Results: From the resampling analysis, compared with the nominal tree, an ordinal CT method that used a quadratic misclassification function and controlled tree size based on total misclassification cost had a slightly better predictive performance that was statistically significant for the frequency metric (Somers' d: nominal tree = 0.61; ordinal tree = 0.63) and similar performance for the probability (nominal = 0.65; ordinal = 0.66) and intensity (nominal = 0.65; ordinal = 0.65) metrics. The best ordinal CT predicted fewer cases of large disagreement with the expert assessments (i.e. no exposure predicted for a job with high exposure and vice versa) compared with the nominal tree across all of the exposure metrics. For example, the percent of jobs with expert-assigned high intensity of exposure that the model predicted as no exposure was 29% for the nominal tree and 22% for the best ordinal tree.

Conclusions: The overall agreements were similar across CT models; however, the use of ordinal models reduced the magnitude of the discrepancy when disagreements occurred. As the best performing model can vary by situation, researchers should consider evaluating multiple CT methods to maximize the predictive performance within their data.
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http://dx.doi.org/10.1093/annhyg/meu098DOI Listing
http://www.ncbi.nlm.nih.gov/pmc/articles/PMC4365762PMC
April 2015

The 19q12 bladder cancer GWAS signal: association with cyclin E function and aggressive disease.

Cancer Res 2014 Oct;74(20):5808-18

Ramón y Cajal Hospital, Madrid, Spain.

A genome-wide association study (GWAS) of bladder cancer identified a genetic marker rs8102137 within the 19q12 region as a novel susceptibility variant. This marker is located upstream of the CCNE1 gene, which encodes cyclin E, a cell-cycle protein. We performed genetic fine-mapping analysis of the CCNE1 region using data from two bladder cancer GWAS (5,942 cases and 10,857 controls). We found that the original GWAS marker rs8102137 represents a group of 47 linked SNPs (with r(2) ≥ 0.7) associated with increased bladder cancer risk. From this group, we selected a functional promoter variant rs7257330, which showed strong allele-specific binding of nuclear proteins in several cell lines. In both GWASs, rs7257330 was associated only with aggressive bladder cancer, with a combined per-allele OR = 1.18 [95% confidence interval (CI), 1.09-1.27, P = 4.67 × 10(-5)] versus OR = 1.01 (95% CI, 0.93-1.10, P = 0.79) for nonaggressive disease, with P = 0.0015 for case-only analysis. Cyclin E protein expression analyzed in 265 bladder tumors was increased in aggressive tumors (P = 0.013) and, independently, with each rs7257330-A risk allele (P(trend) = 0.024). Overexpression of recombinant cyclin E in cell lines caused significant acceleration of cell cycle. In conclusion, we defined the 19q12 signal as the first GWAS signal specific for aggressive bladder cancer. Molecular mechanisms of this genetic association may be related to cyclin E overexpression and alteration of cell cycle in carriers of CCNE1 risk variants. In combination with established bladder cancer risk factors and other somatic and germline genetic markers, the CCNE1 variants could be useful for inclusion into bladder cancer risk prediction models.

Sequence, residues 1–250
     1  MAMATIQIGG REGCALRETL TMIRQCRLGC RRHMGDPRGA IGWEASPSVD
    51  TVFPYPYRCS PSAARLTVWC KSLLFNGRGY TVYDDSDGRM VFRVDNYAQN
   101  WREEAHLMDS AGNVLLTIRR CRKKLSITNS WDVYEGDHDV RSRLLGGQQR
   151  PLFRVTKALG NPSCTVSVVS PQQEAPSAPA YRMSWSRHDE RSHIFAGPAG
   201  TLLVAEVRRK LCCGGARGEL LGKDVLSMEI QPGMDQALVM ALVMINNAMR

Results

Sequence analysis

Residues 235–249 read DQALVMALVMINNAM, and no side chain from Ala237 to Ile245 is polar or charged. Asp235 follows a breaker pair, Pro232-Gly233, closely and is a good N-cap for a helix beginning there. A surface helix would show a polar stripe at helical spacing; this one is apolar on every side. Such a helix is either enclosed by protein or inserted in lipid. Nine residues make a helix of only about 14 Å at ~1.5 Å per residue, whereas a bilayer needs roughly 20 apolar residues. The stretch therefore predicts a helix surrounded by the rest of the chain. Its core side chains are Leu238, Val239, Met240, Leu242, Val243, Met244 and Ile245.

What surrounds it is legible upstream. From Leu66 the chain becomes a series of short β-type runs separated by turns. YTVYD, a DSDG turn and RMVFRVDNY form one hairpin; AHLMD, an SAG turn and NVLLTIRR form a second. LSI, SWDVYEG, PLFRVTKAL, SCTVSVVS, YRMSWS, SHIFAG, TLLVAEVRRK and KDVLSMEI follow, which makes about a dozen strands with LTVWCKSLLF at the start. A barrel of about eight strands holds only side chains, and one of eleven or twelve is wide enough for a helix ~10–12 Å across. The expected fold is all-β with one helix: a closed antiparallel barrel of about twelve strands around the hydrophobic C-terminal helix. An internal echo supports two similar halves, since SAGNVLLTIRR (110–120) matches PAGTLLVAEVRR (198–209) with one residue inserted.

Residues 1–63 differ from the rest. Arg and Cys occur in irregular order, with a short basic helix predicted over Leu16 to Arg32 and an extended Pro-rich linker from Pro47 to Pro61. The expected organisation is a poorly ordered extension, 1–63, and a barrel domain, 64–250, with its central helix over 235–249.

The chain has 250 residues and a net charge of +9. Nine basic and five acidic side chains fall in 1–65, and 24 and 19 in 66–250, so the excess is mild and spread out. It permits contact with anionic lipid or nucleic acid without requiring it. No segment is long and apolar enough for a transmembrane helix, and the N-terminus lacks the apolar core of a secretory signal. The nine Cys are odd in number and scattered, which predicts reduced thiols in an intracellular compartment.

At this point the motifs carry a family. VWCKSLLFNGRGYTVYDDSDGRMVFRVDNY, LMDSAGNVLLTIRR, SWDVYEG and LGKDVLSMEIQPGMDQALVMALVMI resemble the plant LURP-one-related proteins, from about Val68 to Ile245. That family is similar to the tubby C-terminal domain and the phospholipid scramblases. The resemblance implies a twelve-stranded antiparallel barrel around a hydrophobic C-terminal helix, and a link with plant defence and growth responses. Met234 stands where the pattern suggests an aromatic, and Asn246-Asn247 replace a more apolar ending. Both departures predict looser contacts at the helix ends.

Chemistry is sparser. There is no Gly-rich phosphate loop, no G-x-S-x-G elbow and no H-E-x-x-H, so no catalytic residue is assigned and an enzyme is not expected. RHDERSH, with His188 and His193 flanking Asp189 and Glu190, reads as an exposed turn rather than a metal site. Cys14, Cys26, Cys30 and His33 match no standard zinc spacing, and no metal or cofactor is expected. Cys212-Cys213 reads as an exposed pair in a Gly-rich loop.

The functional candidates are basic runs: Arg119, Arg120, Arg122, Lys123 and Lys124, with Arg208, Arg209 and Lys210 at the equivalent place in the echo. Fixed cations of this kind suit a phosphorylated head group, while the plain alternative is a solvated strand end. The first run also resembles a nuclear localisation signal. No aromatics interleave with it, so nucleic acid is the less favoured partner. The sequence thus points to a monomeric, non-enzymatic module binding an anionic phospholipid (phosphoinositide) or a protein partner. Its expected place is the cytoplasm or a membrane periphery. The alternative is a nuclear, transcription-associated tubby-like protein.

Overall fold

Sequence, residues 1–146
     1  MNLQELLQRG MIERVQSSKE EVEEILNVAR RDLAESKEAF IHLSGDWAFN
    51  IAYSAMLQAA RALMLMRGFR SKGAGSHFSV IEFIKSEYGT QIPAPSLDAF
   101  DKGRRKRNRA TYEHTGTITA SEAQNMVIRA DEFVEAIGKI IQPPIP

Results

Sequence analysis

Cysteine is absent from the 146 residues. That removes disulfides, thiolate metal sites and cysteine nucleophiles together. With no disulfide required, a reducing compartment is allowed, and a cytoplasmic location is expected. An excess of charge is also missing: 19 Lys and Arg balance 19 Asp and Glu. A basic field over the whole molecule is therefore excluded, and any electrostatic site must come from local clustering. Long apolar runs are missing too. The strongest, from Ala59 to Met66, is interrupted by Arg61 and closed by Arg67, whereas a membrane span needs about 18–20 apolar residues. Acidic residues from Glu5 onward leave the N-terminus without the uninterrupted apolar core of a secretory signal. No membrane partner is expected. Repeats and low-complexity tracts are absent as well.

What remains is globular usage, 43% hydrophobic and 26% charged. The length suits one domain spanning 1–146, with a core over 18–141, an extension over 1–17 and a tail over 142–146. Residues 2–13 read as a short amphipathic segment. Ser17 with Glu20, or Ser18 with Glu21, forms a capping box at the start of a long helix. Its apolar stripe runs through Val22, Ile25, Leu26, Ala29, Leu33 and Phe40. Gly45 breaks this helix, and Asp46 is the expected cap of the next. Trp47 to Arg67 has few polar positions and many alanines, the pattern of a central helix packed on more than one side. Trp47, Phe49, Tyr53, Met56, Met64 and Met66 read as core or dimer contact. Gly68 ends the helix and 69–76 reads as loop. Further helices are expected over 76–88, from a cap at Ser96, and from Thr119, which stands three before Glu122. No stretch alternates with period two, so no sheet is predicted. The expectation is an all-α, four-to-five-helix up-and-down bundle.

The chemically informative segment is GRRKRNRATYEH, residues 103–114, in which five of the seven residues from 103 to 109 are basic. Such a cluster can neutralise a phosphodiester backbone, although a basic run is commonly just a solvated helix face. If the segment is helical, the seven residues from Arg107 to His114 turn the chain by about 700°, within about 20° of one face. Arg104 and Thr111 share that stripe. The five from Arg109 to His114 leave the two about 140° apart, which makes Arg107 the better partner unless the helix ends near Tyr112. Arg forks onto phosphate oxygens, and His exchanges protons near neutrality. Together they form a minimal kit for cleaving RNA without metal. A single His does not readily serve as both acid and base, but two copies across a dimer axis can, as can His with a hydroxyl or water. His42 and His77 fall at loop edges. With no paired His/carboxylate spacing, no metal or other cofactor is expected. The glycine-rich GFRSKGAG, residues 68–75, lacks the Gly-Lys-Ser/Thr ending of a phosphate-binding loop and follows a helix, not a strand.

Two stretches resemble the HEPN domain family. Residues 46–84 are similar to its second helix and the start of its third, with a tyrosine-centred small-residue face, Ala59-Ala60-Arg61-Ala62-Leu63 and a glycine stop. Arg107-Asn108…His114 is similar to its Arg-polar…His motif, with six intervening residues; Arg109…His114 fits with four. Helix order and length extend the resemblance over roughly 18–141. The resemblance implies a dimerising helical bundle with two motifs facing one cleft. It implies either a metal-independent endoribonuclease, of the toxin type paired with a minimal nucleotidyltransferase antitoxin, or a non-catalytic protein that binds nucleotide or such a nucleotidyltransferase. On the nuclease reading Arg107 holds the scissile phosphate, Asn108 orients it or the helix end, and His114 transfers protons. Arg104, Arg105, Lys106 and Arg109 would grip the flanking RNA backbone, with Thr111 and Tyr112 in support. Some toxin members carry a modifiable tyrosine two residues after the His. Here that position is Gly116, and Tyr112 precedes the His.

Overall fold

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http://dx.doi.org/10.1158/0008-5472.CAN-14-1531DOI Listing
http://www.ncbi.nlm.nih.gov/pmc/articles/PMC4203382PMC
October 2014

Estimation of the probability of exposure to machining fluids in a population-based case-control study.

J Occup Environ Hyg 2014 ;11(11):757-70

a Occupational and Environmental Epidemiology Branch, Division of Cancer Epidemiology and Genetics, National Cancer Institute, National Institutes of Health , Bethesda , Maryland.